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by RAY FLEMING

“SHUTTING the stable door after the horse has bolted” might be the obvious comment on the appearance of Marc Firestone, Vice-President of Kraft, at the UK Parliament's Business Select Committee on Tuesday, but it would not be altogether correct. Kraft made promises about job security at Cadbury's UK factories in order to help it get support for its take-over bid earlier this year. As soon as the deal was done the company announced that the plant at Somerdale near Bristol would be closed with a loss of 400 jobs. The immediate protests at this move led Kraft to have second thoughts and give Somerdale a two-year stay of execution. But the MPs on the Business Committee were not going to be appeased by that concession and they gave Mr FIrestone a roasting, reminding him that Kraft had made similar promises when it took over Terry's but subsequently moved production to Poland.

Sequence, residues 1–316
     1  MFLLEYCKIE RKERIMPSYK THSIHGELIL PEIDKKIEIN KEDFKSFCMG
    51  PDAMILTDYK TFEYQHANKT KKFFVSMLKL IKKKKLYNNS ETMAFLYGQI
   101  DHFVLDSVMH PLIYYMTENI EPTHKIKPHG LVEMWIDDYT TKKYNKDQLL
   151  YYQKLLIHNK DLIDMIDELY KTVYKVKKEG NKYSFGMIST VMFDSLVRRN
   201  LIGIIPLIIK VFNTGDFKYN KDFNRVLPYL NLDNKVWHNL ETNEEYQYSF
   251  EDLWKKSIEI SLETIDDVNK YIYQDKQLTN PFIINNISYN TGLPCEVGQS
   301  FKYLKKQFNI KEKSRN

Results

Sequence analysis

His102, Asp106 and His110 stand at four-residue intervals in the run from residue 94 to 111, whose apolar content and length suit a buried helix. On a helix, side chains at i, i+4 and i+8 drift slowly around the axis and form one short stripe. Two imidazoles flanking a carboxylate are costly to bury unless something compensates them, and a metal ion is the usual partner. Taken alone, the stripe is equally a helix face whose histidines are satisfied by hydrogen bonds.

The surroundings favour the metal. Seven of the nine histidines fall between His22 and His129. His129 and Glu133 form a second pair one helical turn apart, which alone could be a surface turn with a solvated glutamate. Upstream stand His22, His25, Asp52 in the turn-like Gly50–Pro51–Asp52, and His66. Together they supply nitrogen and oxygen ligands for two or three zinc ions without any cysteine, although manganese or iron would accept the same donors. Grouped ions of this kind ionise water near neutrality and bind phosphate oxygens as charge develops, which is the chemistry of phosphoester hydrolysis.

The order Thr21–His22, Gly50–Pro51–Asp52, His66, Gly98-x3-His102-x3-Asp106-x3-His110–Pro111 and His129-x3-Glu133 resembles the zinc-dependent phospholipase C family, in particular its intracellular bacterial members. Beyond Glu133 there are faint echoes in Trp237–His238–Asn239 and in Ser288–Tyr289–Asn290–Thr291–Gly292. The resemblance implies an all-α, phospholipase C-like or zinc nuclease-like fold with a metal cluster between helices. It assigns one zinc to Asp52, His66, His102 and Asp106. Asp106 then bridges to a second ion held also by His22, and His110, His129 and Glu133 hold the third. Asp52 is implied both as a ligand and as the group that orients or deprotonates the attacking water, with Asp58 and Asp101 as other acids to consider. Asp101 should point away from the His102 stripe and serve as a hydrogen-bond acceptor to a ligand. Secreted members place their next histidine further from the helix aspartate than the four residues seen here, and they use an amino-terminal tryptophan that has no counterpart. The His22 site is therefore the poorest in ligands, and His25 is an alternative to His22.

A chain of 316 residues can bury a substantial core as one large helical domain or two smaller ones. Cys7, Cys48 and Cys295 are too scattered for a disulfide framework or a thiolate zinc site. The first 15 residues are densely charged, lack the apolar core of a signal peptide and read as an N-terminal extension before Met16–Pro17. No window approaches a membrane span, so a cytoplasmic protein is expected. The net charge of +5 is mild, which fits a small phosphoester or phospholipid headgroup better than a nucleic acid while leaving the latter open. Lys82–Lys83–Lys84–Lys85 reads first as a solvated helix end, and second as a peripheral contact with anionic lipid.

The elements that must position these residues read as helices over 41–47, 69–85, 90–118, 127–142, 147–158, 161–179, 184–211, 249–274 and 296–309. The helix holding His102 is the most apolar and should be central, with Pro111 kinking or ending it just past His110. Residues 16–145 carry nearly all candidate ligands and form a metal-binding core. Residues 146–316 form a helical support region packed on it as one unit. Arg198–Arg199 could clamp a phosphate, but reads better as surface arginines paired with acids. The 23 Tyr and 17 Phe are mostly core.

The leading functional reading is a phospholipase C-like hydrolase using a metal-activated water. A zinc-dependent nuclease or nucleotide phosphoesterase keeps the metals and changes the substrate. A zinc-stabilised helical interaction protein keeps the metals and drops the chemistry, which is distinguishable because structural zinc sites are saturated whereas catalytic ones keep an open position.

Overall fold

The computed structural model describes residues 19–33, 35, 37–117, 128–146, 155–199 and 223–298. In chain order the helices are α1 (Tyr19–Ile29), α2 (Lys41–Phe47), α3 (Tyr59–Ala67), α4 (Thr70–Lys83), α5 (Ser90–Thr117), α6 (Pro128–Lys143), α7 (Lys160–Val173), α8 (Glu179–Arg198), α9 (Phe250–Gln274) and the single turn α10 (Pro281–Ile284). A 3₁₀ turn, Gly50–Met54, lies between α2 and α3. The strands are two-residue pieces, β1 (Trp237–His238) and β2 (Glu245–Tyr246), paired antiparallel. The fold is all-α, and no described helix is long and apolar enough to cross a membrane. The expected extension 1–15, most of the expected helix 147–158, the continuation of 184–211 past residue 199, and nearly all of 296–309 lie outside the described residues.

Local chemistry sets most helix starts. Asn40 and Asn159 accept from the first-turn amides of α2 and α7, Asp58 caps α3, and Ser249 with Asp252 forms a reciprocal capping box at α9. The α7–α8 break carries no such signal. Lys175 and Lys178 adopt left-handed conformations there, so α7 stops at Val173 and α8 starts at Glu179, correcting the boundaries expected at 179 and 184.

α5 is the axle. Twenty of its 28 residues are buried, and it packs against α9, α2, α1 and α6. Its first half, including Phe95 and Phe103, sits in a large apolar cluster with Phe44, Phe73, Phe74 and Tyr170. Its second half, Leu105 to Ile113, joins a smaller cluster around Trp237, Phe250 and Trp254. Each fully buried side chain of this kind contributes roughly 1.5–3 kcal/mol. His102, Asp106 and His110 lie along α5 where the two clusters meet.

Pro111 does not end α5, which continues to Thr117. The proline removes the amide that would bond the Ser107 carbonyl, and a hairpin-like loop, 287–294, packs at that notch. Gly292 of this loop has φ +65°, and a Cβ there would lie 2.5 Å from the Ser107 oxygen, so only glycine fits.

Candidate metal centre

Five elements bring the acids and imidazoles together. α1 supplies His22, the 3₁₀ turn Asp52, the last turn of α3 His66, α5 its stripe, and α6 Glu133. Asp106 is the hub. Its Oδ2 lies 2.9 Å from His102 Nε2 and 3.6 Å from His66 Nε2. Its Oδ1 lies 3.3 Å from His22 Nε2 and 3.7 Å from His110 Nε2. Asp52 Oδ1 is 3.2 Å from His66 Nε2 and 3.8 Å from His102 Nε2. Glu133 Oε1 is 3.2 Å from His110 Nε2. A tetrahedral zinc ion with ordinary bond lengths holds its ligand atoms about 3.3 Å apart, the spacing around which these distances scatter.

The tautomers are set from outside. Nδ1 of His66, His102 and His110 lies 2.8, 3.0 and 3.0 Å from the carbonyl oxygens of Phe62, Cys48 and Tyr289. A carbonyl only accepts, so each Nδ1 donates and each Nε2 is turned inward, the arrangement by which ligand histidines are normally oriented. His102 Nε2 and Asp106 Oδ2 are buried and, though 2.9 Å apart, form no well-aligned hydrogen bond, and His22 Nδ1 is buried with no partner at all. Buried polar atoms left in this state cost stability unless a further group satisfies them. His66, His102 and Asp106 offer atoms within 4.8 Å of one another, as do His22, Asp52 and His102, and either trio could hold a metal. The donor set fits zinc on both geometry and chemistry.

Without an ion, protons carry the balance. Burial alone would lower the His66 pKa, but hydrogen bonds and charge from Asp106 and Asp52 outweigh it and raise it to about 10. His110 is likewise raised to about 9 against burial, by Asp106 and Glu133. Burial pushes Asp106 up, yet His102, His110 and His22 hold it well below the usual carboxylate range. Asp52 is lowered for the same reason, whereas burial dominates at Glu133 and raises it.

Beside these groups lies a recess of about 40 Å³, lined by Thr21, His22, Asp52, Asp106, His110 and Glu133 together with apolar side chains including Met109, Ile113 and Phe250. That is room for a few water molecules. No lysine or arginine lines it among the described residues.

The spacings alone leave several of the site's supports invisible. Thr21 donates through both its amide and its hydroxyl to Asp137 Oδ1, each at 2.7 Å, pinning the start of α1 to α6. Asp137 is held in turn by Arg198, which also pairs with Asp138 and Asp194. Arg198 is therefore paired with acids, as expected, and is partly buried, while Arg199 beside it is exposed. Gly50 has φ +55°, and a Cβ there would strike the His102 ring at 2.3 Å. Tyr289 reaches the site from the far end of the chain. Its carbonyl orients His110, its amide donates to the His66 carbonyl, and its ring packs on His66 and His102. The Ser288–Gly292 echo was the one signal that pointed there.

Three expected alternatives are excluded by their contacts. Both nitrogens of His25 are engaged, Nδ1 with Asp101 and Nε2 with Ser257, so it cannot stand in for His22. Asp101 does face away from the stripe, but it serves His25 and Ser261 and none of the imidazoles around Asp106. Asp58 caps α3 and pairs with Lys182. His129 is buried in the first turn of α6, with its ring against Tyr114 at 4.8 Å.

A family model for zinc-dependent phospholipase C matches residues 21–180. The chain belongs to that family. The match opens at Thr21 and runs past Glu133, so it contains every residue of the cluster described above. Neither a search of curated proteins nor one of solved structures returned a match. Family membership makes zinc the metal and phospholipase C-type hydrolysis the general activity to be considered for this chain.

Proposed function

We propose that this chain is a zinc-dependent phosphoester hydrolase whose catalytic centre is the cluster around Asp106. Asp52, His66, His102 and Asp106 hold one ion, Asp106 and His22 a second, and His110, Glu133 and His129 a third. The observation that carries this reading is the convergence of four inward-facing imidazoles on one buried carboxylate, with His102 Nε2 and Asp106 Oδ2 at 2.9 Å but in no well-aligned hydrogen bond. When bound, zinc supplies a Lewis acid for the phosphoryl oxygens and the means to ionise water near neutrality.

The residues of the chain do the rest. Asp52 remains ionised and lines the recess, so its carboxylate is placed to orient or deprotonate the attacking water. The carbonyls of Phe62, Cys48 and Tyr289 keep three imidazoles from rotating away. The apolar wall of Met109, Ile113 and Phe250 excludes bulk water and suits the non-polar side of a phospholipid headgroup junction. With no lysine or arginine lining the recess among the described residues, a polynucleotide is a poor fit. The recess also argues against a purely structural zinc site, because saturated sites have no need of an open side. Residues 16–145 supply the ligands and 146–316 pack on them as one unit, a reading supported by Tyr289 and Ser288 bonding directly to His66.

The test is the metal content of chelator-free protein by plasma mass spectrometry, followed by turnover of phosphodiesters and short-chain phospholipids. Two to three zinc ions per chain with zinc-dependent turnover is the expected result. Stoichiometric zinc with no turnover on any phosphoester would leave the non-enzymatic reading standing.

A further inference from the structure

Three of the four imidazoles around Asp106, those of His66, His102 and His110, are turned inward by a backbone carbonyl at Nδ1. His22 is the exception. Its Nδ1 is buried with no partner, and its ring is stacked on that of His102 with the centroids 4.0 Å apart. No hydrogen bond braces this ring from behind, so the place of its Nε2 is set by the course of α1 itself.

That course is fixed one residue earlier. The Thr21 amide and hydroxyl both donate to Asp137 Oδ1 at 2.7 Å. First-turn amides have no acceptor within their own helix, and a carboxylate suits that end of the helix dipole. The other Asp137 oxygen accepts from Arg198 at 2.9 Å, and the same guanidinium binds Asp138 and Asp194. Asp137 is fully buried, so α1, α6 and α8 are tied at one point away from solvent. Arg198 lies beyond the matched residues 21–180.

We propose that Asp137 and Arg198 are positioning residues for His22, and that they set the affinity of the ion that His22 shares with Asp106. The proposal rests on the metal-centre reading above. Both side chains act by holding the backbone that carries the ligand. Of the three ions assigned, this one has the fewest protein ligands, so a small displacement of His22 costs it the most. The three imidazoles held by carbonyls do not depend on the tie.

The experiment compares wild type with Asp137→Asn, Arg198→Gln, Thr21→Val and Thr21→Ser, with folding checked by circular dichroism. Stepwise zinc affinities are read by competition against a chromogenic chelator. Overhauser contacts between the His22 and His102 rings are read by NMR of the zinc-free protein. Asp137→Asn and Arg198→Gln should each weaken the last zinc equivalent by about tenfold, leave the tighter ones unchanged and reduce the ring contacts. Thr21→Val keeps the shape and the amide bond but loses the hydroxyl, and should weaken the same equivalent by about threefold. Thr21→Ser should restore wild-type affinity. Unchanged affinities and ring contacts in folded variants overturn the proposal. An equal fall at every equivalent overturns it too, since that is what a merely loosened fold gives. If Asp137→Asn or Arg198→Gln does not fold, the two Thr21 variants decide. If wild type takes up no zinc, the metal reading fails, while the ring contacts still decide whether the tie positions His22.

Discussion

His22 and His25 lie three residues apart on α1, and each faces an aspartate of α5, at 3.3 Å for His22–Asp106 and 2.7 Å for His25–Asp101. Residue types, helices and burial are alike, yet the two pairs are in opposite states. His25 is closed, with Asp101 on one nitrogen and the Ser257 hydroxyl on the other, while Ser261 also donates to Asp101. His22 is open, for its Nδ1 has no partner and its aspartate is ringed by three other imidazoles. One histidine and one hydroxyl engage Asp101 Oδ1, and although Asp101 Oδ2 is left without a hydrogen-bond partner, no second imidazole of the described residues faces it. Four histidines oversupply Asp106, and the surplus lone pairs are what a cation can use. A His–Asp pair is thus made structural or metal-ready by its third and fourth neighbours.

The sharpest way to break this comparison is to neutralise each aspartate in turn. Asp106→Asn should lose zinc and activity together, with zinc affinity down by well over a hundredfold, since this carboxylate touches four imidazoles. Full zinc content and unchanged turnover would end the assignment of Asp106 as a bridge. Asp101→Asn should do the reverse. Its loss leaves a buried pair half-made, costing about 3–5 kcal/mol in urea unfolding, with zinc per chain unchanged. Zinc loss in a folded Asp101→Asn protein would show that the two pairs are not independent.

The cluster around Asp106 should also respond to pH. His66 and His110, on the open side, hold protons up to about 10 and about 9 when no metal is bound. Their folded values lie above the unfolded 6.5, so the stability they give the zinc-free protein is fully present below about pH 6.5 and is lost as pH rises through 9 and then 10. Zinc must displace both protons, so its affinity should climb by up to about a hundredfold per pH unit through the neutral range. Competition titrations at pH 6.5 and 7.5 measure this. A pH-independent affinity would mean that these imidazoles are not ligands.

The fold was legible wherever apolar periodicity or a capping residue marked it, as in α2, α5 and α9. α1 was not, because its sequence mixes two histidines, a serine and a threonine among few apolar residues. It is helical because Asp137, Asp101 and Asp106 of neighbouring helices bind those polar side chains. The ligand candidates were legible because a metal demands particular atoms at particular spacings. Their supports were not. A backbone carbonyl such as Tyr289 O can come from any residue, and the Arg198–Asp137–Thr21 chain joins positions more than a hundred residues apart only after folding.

Mr Firestone said three times that Kraft was sorry for the way in which it handled the Somerdale incident and it is probably true to say that Kraft will be extra careful from now in its management of Cadbury. However, perhaps the Commons Committee might now consider whether it should hear from some of the major shareholders in Cadbury who were tempted by short-term considerations to take Kraft's offer rather than think of the long-term benefits of Cadbury remaining a British company.